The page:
Pregabalin, marketed by Pfizer under the trade name Lyrica, is claimed to be a more potent successor to gabapentin. Pregabalin increases GABA levels by enhancing GAD (glutamic acid decarboxylase) activity. GAD is an enzyme that converts the excitatory neurotransmitter glutamate into the inhibitory neurotransmitter GABA. By this action, pregabalin also decreases the level glutamate and, in addition, decreases the excitatory neurotransmitter norepinephrine.

Pregabalin's therapeutic effect appears after about a week of use and is similar in effectiveness to BZs, but it is claimed that pregabalin produces more consistent therapeutic effects for anxiety symptoms. In addition, unlike BZs, it appears that pregabalin is effective over the long term without the development of tolerance, does not disrupt sleep patterns, and leads to less severe cognitive and psychomotor impairment. Its lower potential for abuse and dependence makes it preferable over BZs.

In addition to binding sites for GABA and BZs, GABA receptors also contain binding sites for various neurosteroids, which are produced naturally in the brain. . The transfer of cholesterol into glial cells is involved in the synthesis of naturally occurring neurosteroids such as allopregnenolone and tetrahydrodeoxycorticosterone. These neurosteroids, much like BZs, enhance the activity of GABA

An excitatory neurotransmitter such as dopamine acts as a gas pedal to use an automotive analogy, while GABA acts as a brake pedal. The level of neurosteroids, which act as a brake fluid, control how strongly the brakes (i.e., GABA) are actually applied. So increasing certain neurosteroid levels will increase GABA function, thus reducing dopamine function. In effect, these neurosteroids bind to and modulate the behavior of neuronal GABA receptors.

Neurosteroid drugs such as ganaxolone, an analog of allopregnanolone, which is a positive modulator of GABA-A receptors, may have advantages over other GABA-A receptor modulators, notably BZs, in that tolerance does not appear to occur with extended use.

In a previous post, we discussed the dopamine overabundance hypothesis of stuttering, which assumes excessive dopaminergic activity either because of an overabundance of dopamine receptors in the motor neuron section of the brain or because of excessive amounts of the excitatory neurotransmitter dopamine in this brain region. But if neither of these conditions is present, the problem might be that there is insufficient GABAergic activity, which would inhibit the dopaminergic activity. This leads us to a GABA insufficiency hypothesis of stuttering. In view of the discussion regarding neurosteroids in this post, we can posit a third hypothesis of stuttering--namely the neurosteroid insufficiency hypothesis of stuttering. Insufficiency of certain neurosteroids may lead to a weak GABAergic response which, in turn, results in an overly active dopamine system.

Monday, October 4, 2010

Proposal for Pagoclone Drug Trials

It can take a billion dollars, thousands of patients, and more than a decade to gather evidence to approve a new drug. A big part of the problem with conventional trials is that they essentially take all comers. In some cases researchers might know that some participants may not benefit from the treatment. Those who do not respond can cause a drug to fail even though a significant minority of patients could benefit.

Unless something different is done, we may have to wait a very long time for a fluency improving drug. Perhaps the problem lies in the current policy that it is necessary to absolutely, positively prove (e.g., to the 99.9999% level of certainty) the efficacy of the drug before releasing it to the public. For any potentially fluency improving drug such as pagoclone, we might expect all sorts of objections to be raised when the results of any clinical trials are published. For example, although improvement may have been observed in a clinical setting, will this improvement be observed post-clinically after a long period of time? Is the disfluency counting method reliable? Etc., etc.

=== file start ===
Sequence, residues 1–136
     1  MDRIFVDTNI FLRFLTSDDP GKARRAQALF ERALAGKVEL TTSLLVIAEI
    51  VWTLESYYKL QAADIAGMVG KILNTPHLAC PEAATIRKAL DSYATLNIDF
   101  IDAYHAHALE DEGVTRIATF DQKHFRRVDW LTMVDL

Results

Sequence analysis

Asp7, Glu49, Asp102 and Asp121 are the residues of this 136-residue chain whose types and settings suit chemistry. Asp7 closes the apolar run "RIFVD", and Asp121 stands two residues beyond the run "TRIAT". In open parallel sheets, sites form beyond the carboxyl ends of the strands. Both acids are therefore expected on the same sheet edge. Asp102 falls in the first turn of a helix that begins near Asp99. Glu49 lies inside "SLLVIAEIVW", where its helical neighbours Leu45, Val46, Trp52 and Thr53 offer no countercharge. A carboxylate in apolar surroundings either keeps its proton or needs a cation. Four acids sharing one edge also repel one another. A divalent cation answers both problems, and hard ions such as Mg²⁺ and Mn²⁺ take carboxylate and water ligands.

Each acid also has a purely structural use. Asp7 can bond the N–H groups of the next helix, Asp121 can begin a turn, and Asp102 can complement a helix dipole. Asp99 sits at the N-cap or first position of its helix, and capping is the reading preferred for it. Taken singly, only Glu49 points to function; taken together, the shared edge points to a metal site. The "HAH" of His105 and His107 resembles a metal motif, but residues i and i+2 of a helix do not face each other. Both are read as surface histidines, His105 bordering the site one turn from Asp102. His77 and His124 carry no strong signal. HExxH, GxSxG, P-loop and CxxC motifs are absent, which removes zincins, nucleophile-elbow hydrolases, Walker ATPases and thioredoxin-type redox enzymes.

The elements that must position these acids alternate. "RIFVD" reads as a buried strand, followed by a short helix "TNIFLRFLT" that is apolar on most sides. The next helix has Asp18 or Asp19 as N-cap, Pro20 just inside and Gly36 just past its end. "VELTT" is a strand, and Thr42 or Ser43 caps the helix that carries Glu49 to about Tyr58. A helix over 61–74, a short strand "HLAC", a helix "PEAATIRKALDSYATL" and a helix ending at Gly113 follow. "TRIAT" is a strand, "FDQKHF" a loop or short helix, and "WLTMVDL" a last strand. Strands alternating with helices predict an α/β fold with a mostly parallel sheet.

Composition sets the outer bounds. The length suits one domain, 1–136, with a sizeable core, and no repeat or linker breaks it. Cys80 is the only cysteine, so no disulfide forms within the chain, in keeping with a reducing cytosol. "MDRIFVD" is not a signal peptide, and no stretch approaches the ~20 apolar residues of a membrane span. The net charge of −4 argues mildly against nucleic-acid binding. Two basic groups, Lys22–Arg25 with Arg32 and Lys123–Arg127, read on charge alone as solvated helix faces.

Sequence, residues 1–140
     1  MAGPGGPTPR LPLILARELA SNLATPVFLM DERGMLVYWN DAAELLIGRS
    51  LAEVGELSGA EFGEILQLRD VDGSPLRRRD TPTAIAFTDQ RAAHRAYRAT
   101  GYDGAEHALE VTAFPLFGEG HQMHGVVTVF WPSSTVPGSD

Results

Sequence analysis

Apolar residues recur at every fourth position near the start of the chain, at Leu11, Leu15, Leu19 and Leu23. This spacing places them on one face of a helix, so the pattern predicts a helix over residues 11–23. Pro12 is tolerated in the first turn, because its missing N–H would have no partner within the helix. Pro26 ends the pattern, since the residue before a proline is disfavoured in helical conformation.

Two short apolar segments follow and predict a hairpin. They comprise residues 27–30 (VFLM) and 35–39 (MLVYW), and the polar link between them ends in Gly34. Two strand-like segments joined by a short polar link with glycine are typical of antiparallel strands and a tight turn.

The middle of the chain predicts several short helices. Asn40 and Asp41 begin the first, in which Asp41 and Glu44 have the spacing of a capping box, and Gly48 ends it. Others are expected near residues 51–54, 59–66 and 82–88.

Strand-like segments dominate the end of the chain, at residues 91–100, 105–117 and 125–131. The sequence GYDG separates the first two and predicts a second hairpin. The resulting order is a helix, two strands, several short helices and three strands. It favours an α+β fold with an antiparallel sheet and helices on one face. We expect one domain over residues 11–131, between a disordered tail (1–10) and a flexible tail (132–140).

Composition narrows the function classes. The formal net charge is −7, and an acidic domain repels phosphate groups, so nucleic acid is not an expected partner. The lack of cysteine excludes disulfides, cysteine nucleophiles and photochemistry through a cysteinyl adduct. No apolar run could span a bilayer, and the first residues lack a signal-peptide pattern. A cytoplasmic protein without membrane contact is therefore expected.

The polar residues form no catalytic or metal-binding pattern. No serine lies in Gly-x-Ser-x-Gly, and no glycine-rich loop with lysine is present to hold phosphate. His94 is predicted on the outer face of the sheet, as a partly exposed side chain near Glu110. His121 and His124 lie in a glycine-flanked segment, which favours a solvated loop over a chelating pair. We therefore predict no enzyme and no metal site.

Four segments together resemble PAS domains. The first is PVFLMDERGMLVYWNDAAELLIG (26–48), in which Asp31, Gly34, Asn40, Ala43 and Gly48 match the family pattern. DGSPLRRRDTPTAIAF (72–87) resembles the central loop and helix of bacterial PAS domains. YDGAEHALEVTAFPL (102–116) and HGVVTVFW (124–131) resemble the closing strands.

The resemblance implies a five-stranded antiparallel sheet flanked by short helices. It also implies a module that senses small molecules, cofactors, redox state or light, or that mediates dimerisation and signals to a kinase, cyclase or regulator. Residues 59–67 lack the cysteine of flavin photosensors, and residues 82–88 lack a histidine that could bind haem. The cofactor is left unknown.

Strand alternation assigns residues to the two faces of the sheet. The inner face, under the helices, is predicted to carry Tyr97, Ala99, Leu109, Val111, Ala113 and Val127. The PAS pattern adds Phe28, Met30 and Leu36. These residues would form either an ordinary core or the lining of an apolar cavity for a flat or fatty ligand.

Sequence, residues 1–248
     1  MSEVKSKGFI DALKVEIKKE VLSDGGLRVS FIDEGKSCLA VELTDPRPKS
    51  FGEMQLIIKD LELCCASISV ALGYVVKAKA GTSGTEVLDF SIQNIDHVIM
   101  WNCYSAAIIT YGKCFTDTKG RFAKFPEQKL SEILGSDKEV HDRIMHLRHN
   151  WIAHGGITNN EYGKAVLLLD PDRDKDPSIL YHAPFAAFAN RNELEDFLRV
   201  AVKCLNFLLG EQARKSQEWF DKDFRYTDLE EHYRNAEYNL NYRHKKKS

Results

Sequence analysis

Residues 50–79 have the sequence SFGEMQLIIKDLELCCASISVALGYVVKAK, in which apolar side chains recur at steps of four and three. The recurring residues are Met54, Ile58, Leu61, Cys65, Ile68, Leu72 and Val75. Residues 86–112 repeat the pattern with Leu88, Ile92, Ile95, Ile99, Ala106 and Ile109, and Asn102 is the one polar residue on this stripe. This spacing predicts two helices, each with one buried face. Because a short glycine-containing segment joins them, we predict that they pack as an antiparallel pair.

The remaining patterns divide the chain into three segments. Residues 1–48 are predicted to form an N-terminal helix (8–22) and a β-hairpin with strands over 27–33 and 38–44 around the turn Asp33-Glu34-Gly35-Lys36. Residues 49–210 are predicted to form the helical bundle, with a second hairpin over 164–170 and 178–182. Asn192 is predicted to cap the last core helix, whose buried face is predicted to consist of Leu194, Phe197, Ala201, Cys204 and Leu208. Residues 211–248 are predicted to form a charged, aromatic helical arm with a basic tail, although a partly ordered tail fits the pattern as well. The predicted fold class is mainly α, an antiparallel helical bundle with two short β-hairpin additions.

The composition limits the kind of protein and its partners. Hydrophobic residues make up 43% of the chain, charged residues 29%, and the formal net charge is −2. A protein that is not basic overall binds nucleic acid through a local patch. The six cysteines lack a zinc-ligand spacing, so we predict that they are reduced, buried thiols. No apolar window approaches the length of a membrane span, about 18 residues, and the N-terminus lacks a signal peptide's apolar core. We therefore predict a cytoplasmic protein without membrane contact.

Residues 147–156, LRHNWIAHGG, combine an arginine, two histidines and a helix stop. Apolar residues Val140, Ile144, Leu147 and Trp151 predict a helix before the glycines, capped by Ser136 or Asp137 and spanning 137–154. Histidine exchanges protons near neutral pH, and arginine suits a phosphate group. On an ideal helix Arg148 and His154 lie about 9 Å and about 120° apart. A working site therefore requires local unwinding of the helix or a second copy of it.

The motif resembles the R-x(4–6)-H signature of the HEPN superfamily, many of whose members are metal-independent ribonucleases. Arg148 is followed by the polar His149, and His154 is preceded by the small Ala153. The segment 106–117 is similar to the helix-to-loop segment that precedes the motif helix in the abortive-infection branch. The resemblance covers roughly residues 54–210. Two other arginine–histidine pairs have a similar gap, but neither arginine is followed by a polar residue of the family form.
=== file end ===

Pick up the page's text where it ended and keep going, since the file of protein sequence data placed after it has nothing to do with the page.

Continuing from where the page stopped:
The most vociferous critics of fluency drug testing (e.g., The Stuttering Brain blog; Roger Ingham, Journal of Clinical Psychopharmacology, October, 2010) rely heavily on the placebo argument to bolster their beliefs and prejudices--namely that individuals respond favorably to a particular drug not because of its therapeutic efficacy but rather through a placebo effect. And, according to them, this effect might be short lived. Since stuttering is basically a mind-body problem, and the mind plays a very important role in the severity of the disfluency, it is no wonder that it is very difficult to disentangle any real therapeutic effects from placebo effects. In addition, naturally occurring fluctuations in the levels of neurotransmitters may further obfuscate clinical trials. Listening to these critics may result in paralysis through analysis with regard to the search for fluency enhancing drugs.

So my proposal is that for such a drug like pagoclone, why not release the drug on the market AFTER testing for safety? In this way, a population larger than that of any clinical trial could try the drug and decide for themselves as to its efficacy. In essence, it will be the market that decides its success or failure. For some, the drug may prove to be a boon to their fluency, while for others the effect may wear off after time. If the effect does wear off, it does not necessarily imply a placebo effect. An alternative explanation might be that tolerance to the drug may have been built up. In which case, for these people, the drug would better be used in a punctuated fashion with periods of use separated by periods of no use. And, of course, there may be a group for whom the drug does not work at all.

The final concern would be the cost of the drug to the consumer if it were released in this fashion. In the ideal, the cost of a drug that has less than strongly proven efficacy should be less, since the cost of excessive testing was substantially reduced. However, given that the capitalistic system is what it is, perhaps the government should step in and regulate not only the release of such drugs, but also their cost, much as governments often regulate the prices that utilities charge for their products or services.